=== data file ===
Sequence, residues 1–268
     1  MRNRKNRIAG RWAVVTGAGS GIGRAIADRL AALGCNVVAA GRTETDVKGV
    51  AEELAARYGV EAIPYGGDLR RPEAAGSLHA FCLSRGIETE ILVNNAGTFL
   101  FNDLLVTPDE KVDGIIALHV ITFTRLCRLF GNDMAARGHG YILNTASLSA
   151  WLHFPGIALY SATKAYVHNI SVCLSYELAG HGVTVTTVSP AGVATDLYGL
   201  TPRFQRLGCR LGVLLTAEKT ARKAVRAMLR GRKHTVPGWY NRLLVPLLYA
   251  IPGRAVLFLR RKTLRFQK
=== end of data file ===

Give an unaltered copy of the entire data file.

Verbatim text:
Sequence, residues 1–268
     1  MRNRKNRIAG RWAVVTGAGS GIGRAIADRL AALGCNVVAA GRTETDVKGV
    51  AEELAARYGV EAIPYGGDLR RPEAAGSLHA FCLSRGIETE ILVNNAGTFL
   101  FNDLLVTPDE KVDGIIALHV ITFTRLCRLF GNDMAARGHG YILNTASLSA
   151  WLHFPGIALY SATKAYVHNI SVCLSYELAG HGVTVTTVSP AGVATDLYGL
   201  TPRFQRLGCR LGVLLTAEKT ARKAVRAMLR GRKHTVPGWY NRLLVPLLYA
   251  IPGRAVLFLR RKTLRFQK